Honey bees are now an established fact at Bramblestone Farm, and since honey is readily available and granulated sugar is not, the question is – what are the best practices for substituting honey for sugar in baking?
It turns out that you can substitute honey for granulated sugar, and honey absorbs and retains moisture which helps retard drying and staling of baked goods. It also adds a sweet, smooth and distinctive taste that makes many baked goods better when honey is substituted for at least some of the granulated sugar.
When substituting honey, you’re adding a liquid – so the recipe has to be adjusted to accommodate that liquid. The generally recommended rules for substitution are:
You can substitute honey for up to half the granulated sugar in a recipe, but for every cup of honey that’s used; the nonsweet liquid should be reduced by 1/4 cup, 1/2 teaspoon baking soda should be added, and the oven temperature should be lowered by 25°F.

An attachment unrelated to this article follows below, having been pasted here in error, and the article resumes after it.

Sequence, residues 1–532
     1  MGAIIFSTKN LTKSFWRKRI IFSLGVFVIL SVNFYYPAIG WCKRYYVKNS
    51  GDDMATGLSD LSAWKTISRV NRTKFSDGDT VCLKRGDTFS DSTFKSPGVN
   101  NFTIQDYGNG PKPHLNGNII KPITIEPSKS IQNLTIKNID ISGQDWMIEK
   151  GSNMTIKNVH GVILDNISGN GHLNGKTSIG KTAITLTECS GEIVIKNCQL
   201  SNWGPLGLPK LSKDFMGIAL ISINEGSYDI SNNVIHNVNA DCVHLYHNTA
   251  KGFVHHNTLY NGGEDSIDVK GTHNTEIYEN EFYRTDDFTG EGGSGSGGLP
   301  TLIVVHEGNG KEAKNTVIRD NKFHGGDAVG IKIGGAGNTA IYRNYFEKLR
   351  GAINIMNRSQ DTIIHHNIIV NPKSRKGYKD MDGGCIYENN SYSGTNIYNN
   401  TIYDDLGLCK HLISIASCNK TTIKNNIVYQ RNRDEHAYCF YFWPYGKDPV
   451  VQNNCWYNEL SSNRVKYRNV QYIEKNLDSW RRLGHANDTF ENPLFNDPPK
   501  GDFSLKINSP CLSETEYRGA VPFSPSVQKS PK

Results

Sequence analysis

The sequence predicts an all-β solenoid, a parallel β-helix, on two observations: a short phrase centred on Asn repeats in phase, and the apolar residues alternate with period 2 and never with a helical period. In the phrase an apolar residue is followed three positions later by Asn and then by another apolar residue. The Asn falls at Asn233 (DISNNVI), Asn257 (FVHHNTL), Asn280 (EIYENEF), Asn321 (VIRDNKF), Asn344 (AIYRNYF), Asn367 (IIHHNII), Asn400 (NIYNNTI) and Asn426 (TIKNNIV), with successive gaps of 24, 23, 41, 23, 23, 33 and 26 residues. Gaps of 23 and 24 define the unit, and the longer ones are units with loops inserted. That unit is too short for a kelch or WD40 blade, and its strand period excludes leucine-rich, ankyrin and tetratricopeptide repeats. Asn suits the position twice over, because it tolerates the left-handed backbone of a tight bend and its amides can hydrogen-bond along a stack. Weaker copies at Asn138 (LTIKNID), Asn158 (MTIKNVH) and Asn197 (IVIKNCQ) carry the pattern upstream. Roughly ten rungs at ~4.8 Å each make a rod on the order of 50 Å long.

When substituting honey, it’s a good idea to match the type of honey to the type of recipe you’re making. For example, it’s a good idea to use a mildly flavored honey (such as clover) for recipes with delicate flavors and use stronger flavored honeys where you definitely want a distinctive honey flavor.
We’ve found that the above recommendation works well, and that we like many recipes made partially with honey better than those made only with granulated sugar. We’ve also found that with experimentation, it’s possible to replace all the sugar with honey in some recipes. We’re starting to develop a little repertoire of recipes using honey that I’m planning to share here – do you have any honey substitution recipe favorites?